Hosted by Jennifer Abe, Loyola Marymount University
Sponsored by Conversations on Jesuit Higher Education
Colleges and universities today aspire to help students to become “whole persons.” But what would it look like if these institutions also committed to helping faculty, staff, and administrators to be whole?
Drawing on Jesuit traditions of contemplation, self-examination, discernment, and spiritual care, The Intersection dares to imagine wholeness as a shared good in higher education. It invites listeners to reflect on how the alignment between intellect and affect, between thinking and emotion can be a catalyst for more meaningful work and more meaningful lives.
Episode 1: On the Challenge and Promise of Being a Whole Person in Higher Education | Listen
Director of digital humanities and English professor at Michigan State University, Kathleen Fitzpatrick
, and Ryan Duns
, a Jesuit priest and theologian at Marquette University, reflect together about obstacles and possibilities related to being whole persons in higher education. How do academic culture and institutional structures hinder people from becoming whole? What practices can promote greater alignment between intellectual work and the affective experiences that bring meaning to our lives? And what conditions can help everyone who works in higher education–faculty, staff, and administrators–to be more fulfilled in their work together?
Episode 2: The Work of Wondering | Listen
Chemist Nicole Bouvier-Brown
of Loyola Marymount University and poet Philip Metres
of John Carroll University explore the power of wonder to help people in higher education become more integrated and fulfilled. What would happen if we consciously placed wonder at the center of all of our work in higher education? How might wonder be shared across the institutional structures that divide staff from faculty, students from administrators? And how can greater attention to the power of wonder help to make everyone in higher education more whole, together?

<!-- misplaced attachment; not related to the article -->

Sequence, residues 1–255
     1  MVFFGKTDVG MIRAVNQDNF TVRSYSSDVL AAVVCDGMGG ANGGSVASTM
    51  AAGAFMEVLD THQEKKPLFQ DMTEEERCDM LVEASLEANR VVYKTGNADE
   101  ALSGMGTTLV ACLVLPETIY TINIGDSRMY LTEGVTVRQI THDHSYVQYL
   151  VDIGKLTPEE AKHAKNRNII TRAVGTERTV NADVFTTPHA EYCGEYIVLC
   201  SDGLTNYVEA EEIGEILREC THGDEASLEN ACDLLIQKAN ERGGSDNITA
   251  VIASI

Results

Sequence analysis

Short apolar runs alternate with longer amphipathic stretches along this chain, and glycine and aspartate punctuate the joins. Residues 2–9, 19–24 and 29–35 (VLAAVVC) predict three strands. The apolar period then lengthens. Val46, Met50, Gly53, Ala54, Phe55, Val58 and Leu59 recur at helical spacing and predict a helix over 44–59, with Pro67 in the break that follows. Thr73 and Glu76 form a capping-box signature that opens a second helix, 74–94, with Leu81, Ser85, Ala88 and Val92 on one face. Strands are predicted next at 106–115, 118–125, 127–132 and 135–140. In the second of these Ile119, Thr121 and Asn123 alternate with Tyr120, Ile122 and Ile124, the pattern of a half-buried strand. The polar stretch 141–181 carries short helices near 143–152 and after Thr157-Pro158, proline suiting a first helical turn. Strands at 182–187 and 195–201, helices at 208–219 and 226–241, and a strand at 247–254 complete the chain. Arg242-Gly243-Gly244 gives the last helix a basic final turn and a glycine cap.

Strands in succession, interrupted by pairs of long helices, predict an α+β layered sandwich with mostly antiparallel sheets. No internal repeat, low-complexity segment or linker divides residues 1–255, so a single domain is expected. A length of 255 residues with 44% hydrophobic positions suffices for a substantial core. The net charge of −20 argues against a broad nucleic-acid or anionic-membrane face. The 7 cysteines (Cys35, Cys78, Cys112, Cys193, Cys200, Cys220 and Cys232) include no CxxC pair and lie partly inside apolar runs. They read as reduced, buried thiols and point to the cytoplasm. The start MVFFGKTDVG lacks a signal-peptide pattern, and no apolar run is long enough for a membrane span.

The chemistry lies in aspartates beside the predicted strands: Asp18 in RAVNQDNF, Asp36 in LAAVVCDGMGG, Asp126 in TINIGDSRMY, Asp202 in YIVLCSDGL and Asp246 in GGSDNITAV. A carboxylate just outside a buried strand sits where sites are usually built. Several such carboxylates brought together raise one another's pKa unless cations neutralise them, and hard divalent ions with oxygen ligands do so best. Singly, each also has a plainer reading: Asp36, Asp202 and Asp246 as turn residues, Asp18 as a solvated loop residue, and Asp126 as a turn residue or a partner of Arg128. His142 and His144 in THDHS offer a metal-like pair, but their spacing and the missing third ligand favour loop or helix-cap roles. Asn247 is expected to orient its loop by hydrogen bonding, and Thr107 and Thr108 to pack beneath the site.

Episode 3: Creativity & Communion | Listen
Rachel Mindrup, a visual artist at Creighton University Medical School, and Aldo Billingslea, an actor and theater professor at Santa Clara University, explore the relationship between creativity and community. How can creativity help people in higher education to connect to their deepest desires and aspirations? And how can it become the source for nourishing growth into meaningful communities in the context of higher education?
Episode 4: Accepting the Gifts of Solitude & Mortality | Listen
Memoirist Howard Axelrod of Loyola University Chicago and religious studies scholar Gary Laderman of Emory University explore how the practice of solitude and the contemplation of mortality can help people to identify horizons of meaning in their lives and in their work. How might the experience of solitude and the contemplation of mortality help people in their search for wholeness? Can a deeper sense of their physical embodiment enable people to become better thinkers? How can examining the boundaries and limits of consciousness help people to live with greater freedom and authenticity?